For almost two years I have been a defender and supporter of Dominique Strauss-Kahn and Anne Sinclair. I have written quite a few blog posts praising their relationship and taking their side in the various legal trials and tribulations that they have faced. So with the news of their recent divorce, I think it fitting that I share my thoughts on their relationship and its tragic end.
March 30, 2013
December 15, 2012
Photo via International Monetary Fund
On Monday, Dominique Strauss-Kahn’s legal troubles in the USA came to an end. But this was not exactly the conclusion I had imagined. On July 1, 2011, when it was first reported that the criminal case against him was falling apart, it appeared that the story would turn out as a victory for defendants’ rights and true gender equality over media bias, presumption of guilt, and the sexist stereotype that all men are sexual aggressors and all women are victims. Unlike those who were convinced of Strauss-Kahn’s guilt merely because he was a man who was accused of rape, his wife, Anne Sinclair, showed that she was a true feminist by coming to his rescue, bailing him out of jail, financially supporting him, and fiercely defending him against his innumerable and vocal critics. It was truly a wonderful moment when they strode out of the courthouse, smiling slightly, his arm around her shoulders, when he was set free without bail.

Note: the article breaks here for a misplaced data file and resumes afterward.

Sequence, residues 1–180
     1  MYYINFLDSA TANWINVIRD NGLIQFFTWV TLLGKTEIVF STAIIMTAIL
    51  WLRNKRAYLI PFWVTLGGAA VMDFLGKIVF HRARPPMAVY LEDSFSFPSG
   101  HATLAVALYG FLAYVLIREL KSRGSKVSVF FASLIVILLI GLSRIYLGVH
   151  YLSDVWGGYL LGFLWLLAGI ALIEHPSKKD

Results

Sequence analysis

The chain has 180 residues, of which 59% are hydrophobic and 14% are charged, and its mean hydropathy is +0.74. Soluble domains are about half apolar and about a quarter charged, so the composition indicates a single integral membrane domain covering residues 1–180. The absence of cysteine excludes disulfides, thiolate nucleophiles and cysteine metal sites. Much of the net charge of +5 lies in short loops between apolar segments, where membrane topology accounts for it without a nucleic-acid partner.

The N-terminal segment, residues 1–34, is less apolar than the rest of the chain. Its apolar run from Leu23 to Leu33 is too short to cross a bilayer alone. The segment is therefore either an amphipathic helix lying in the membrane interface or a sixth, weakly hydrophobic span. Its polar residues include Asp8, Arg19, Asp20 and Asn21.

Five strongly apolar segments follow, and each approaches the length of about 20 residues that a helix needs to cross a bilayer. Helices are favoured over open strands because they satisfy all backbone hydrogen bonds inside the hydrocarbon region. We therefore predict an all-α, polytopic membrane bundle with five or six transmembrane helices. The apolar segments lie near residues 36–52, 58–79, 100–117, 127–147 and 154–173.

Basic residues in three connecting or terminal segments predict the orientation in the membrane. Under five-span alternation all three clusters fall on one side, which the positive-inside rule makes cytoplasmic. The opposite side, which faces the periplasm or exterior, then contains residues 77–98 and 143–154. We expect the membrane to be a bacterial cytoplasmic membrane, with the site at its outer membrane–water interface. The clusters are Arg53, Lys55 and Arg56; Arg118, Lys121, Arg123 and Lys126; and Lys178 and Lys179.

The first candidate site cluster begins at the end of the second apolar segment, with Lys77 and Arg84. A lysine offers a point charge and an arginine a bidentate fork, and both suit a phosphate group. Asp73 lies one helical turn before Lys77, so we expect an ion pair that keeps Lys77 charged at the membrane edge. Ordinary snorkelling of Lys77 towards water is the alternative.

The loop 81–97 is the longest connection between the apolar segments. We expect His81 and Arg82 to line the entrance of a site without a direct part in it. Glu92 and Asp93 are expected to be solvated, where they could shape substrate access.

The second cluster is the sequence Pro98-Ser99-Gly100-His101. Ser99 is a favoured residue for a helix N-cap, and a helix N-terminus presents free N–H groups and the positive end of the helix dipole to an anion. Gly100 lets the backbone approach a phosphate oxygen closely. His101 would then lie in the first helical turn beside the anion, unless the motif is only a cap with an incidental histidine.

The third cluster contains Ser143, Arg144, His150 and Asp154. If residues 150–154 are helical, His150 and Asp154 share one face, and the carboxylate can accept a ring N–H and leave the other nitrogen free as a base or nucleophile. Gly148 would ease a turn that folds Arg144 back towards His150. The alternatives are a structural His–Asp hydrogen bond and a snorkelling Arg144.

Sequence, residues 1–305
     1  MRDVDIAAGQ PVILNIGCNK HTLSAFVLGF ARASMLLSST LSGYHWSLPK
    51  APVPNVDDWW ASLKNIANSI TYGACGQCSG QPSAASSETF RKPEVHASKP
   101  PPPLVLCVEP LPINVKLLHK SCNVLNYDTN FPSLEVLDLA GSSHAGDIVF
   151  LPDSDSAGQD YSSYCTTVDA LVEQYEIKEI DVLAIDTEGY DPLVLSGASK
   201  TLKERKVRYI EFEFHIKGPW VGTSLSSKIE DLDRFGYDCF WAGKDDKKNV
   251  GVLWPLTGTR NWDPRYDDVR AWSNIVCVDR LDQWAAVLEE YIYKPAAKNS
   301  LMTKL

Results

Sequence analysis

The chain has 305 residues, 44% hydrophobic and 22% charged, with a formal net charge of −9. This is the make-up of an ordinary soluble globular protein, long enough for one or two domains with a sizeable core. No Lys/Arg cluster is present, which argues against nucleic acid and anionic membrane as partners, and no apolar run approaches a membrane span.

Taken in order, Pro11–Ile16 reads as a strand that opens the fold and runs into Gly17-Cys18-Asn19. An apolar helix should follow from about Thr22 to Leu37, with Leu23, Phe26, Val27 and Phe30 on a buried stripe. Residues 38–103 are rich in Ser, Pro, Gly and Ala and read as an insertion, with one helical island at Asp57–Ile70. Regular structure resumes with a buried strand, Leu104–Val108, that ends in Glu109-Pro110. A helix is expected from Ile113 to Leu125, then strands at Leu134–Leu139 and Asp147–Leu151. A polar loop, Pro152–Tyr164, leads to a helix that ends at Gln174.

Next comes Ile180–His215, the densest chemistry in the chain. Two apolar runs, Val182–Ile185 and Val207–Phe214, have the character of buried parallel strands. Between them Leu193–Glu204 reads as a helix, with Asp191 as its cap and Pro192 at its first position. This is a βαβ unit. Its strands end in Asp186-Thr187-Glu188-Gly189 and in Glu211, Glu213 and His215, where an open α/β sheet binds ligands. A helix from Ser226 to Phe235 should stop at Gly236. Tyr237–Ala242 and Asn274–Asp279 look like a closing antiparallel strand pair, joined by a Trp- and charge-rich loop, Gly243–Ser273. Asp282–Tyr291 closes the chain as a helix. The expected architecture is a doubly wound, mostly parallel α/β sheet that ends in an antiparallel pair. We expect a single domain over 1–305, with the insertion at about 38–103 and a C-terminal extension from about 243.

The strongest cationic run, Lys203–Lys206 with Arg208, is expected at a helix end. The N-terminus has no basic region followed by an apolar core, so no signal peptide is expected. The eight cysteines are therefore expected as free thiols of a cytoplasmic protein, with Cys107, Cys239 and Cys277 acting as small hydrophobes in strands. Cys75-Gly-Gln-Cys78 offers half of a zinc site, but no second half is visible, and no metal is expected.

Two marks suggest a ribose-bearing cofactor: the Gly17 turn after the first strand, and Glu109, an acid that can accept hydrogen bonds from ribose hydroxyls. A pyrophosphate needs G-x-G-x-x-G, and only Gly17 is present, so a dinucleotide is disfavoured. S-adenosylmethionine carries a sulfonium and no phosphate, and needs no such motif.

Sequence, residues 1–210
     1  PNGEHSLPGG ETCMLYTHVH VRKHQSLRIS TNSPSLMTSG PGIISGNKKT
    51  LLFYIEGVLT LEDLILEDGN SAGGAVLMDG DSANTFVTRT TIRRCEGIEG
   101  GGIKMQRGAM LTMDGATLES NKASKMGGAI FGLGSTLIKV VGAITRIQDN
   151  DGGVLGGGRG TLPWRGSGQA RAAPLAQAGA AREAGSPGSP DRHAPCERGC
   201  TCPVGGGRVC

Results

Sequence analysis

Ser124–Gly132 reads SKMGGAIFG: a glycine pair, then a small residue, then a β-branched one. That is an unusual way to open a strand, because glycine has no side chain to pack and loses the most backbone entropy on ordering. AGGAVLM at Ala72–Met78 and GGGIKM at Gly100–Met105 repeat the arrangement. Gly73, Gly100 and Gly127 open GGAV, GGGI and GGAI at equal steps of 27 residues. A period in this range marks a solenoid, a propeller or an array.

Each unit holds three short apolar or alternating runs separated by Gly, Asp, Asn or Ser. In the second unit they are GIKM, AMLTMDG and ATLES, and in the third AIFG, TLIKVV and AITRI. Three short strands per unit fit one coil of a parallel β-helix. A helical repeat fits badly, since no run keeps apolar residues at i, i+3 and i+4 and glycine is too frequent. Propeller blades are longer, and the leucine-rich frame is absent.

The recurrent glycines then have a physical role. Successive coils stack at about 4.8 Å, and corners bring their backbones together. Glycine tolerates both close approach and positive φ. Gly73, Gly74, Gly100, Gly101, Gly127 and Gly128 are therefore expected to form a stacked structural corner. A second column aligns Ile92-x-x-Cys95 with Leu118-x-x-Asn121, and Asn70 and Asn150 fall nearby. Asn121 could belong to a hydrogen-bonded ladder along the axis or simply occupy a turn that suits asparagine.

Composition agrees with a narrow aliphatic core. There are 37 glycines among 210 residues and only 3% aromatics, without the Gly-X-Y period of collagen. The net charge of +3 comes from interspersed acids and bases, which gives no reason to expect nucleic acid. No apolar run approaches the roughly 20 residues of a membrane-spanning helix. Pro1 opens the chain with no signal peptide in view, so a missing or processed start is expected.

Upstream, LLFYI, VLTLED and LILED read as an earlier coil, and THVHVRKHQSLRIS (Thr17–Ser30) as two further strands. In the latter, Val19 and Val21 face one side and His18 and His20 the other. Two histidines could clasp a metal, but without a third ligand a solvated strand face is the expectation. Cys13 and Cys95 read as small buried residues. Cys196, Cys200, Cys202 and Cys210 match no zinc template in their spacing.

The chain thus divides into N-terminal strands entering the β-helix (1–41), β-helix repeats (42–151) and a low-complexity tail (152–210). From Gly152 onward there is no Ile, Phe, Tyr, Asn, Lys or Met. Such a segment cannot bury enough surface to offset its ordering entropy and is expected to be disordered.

But the victory was short-lived. Even before the sexual assault charges against him were officially dismissed in August of last year, public opinion, which had swung briefly in Strauss-Kahn’s direction when his accuser’s lies and inconsistencies first came to light, began to turn against him once more. Journalists and editorialists around the world vilified and shamed him for his reputation as a libertine. Self-professed “feminists” held up signs outside the courthouse to protest the dismissal of the charges. Instead of being welcomed back into French politics – and perhaps even the presidential race which in he had intended to be a candidate – he was shunned and bullied by his former allies. A French court decided to essentially convict him, with no evidence, on a writer’s decade-old allegation of sexual assault. Another French court decided to hit him with criminal charges for “aggravated pimping” despite the fact that there has never been any suggestion that he made money from prostitution. When he gave a speech about the global economy in Cambridge, England, hordes heckled him and threw things at him. And, worst of all, Sinclair went back on everything that she had so bravely stood for earlier, deciding to dump him and kick him out of the Paris apartment that was his home.